In 1996, ten prominent women politicians from both sides of the political spectrum published a manifesto demanding that the concept of political parity be enshrined in the French constitution.

“From condescending indifference and contempt to open hostility,” wrote the signatories, “we have been able to measure the gap between public principles and reality in the behavior of the political class.” The idea of forced parity was hardly new. Already in 1974, Françoise Giroud proposed that 15% of electoral list slots be reserved for women during municipal elections. In 1982, the National Assembly approved a bill raising this quota to 25%, although the text was eventually deemed unconstitutional because it divided into categories the abstract and indivisible concept of “citizen.” The idea of forced parity was further promoted by Au pouvoir, citoyennes! Liberté, égalité, parité, a book published in 1992 that turned parity into a campaign theme during the 1995 presidential elections.

Coming in the wake of this debate, the 1996 manifesto sparked positive reactions on both sides of the political spectrum. Socialist leader Lionel Jospin was quick to translate the concept into an electoral advantage. In his first speech as Prime Minister in 1997, he committed to proposing a constitutional amendment that would pave the way for parity.

On June 28, 1999, articles 3 and 4 of the French Constitution were amended. The law promoting equal access for men and women to elected positions was adopted on June 6, 2000.

Electoral Parity

The 1999 law has introduced a de facto quota system for women in French politics. Political parties now have to endorse an equal number of men and women candidates in municipal, legislative and European elections (with the exception of towns of fewer than 3,500 people). Parties failing to meet this requirement either have their lists declared ineligible or, for legislative elections, face financial sanctions. To ensure that women are not relegated to the bottom of electoral rolls, a balance must be maintained throughout the list. By next year, France will therefore be able to boast one of the most feminized political leaderships in the world, ahead even of the Scandinavian countries.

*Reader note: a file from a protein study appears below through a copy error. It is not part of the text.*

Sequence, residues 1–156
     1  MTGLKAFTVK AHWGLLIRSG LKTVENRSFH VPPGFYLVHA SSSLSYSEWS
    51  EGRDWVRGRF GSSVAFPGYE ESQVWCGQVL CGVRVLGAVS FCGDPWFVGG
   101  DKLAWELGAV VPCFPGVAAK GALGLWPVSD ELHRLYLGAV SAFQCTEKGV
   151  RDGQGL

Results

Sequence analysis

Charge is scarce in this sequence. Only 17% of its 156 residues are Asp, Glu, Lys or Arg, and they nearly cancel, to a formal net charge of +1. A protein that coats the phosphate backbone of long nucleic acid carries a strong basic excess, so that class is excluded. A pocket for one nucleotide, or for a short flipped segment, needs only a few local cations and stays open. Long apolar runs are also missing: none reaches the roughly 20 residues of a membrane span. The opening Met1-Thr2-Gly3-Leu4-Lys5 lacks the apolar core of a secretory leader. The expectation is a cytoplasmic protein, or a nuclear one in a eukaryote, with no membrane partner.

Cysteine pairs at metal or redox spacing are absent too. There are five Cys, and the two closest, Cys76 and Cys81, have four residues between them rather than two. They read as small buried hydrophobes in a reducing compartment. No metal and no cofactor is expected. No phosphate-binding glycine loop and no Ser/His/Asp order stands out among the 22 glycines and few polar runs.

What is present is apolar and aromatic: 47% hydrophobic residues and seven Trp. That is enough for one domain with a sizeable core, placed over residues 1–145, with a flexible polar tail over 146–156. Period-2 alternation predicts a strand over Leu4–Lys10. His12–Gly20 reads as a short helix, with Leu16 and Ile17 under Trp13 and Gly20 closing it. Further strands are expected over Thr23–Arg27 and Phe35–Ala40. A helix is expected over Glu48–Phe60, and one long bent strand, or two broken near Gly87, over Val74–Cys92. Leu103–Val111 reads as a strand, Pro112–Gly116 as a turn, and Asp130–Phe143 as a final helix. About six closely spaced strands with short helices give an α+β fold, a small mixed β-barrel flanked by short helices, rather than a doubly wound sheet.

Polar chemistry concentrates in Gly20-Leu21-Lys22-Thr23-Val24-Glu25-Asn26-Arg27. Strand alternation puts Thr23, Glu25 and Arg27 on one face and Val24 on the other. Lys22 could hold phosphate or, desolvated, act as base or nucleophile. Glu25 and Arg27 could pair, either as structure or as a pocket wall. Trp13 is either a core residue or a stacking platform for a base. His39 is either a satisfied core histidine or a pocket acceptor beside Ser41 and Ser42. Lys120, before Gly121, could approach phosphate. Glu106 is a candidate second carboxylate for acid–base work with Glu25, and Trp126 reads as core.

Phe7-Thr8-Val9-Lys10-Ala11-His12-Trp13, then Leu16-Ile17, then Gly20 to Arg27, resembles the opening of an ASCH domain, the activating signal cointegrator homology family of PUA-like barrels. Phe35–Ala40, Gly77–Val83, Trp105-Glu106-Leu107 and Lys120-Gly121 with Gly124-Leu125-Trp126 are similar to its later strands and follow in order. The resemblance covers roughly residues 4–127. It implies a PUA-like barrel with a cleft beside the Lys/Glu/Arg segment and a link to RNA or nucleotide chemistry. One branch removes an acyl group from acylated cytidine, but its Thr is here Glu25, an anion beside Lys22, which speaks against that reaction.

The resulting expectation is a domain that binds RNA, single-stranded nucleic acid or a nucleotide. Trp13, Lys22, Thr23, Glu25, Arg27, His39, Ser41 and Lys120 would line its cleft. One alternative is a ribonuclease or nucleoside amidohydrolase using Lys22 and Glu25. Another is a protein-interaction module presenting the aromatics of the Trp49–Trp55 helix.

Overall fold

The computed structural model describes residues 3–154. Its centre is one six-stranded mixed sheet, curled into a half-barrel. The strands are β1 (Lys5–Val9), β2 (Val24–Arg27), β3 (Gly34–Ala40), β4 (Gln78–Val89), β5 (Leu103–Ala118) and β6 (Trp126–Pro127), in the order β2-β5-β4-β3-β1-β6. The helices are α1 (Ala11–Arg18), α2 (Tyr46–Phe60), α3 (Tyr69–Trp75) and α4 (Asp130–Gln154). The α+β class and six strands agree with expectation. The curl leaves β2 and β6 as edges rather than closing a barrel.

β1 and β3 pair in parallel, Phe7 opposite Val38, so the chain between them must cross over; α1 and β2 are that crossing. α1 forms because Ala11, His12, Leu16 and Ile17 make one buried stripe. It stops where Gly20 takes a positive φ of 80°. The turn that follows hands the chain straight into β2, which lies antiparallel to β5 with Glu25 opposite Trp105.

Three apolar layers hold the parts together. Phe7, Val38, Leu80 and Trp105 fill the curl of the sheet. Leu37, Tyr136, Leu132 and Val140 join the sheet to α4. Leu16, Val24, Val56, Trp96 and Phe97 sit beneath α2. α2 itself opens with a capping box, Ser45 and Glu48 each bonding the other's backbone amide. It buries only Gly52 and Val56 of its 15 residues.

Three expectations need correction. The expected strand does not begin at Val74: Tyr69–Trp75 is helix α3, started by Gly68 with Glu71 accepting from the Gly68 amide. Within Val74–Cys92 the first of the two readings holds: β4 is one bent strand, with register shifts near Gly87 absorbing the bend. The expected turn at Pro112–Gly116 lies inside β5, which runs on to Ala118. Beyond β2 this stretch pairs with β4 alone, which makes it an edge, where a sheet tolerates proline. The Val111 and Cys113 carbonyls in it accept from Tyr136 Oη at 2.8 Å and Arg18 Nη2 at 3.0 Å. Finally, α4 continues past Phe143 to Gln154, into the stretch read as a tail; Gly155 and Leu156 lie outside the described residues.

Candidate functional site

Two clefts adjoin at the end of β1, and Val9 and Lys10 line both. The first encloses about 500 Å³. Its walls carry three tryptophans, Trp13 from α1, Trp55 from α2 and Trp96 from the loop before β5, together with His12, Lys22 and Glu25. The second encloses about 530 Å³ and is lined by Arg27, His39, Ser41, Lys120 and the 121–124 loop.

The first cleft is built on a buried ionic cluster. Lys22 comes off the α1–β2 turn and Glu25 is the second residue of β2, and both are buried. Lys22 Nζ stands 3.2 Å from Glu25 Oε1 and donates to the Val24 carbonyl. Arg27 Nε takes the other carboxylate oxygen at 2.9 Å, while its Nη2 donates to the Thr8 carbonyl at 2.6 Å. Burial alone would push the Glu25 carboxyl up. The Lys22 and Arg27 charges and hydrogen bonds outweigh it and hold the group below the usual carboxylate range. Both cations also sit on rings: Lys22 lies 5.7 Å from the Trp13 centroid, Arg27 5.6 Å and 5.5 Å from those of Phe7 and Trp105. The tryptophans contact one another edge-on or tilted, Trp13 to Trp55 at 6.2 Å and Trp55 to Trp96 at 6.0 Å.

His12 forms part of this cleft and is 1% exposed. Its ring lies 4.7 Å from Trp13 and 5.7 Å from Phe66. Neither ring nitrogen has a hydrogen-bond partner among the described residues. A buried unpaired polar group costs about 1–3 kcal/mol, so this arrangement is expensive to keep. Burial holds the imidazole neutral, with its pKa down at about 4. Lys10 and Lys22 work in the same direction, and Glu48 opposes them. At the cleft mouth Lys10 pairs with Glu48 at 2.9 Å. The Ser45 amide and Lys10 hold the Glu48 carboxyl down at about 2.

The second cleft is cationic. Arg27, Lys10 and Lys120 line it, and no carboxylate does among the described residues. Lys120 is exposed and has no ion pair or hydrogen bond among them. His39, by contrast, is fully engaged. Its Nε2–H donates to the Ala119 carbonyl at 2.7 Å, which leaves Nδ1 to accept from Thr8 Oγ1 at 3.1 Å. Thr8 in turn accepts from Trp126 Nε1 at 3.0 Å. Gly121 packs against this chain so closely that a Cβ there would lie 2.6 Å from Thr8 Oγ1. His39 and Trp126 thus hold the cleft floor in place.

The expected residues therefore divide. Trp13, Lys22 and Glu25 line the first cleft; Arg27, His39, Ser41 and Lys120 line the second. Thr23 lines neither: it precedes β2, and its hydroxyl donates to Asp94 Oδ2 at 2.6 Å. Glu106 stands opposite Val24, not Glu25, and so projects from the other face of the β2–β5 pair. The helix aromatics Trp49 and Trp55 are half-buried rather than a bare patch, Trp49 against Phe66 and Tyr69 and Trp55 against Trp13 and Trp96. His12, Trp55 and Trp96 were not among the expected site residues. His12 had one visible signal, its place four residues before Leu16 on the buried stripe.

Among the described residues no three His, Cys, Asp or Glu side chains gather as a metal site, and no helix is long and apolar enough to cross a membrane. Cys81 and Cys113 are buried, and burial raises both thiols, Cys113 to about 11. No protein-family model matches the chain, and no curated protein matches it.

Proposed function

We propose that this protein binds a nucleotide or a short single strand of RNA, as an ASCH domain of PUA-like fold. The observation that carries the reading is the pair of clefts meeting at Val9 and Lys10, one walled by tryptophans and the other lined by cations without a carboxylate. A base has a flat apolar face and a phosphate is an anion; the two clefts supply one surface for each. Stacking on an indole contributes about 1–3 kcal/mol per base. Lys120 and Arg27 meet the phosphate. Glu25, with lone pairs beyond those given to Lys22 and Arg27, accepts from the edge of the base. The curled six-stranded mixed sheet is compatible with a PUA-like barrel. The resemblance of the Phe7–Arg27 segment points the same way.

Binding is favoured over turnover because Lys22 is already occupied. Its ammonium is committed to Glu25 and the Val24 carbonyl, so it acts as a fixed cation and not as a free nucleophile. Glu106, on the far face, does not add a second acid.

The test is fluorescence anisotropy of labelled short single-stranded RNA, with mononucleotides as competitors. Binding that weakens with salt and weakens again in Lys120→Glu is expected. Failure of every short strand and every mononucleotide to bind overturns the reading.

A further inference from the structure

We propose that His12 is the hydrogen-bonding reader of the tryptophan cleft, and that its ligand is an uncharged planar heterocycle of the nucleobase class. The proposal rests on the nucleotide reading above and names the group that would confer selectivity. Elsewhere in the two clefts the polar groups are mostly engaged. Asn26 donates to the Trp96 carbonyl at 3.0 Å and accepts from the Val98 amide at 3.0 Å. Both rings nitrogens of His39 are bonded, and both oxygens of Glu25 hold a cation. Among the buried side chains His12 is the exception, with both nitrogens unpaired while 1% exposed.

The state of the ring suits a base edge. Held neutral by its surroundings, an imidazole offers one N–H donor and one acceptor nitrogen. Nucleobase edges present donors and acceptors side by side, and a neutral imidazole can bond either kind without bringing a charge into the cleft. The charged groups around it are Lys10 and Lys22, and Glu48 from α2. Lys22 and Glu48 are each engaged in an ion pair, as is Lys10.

The March municipal elections have shown that applying the law has not always been easy. In some areas of France, meeting the 50% requirement posed a challenge because of a lack of women volunteers. Aspiring mayors of all political shades have therefore been seeking new women candidates to meet their quotas, and several extreme right lists have had to withdraw for lack of female participation. In a few cases, as in the town of Les Ulis near Paris, too many women proposed to seek office, and some had to step down to ensure that their male counterparts could meet their own share of the quota.

The reform has enjoyed broad popular support. Already in 1996, 74% of the electorate favored establishing quotas for electoral rolls.

An opinion poll published in the quarterly review Lunes prior to the March 2001 municipal elections revealed that two French voters out of three would welcome a woman mayor in their town.

Although there was no significant difference of opinion between men and women, 73 percent of left-wing voters were open to the idea compared to 55 percent of right-wing voters. Over 60 percent of all respondents felt that having more women in municipal councils would reinforce democracy and improve political decisions in a large number of areas, from education and environment to financial management and security. Even the Catholic Church gave its blessing. In a declaration published before the elections, the Social Commission of French Bishops declared that society would benefit from women?s increased political representation and that everyone should support and encourage their commitment.

The Limits to Parity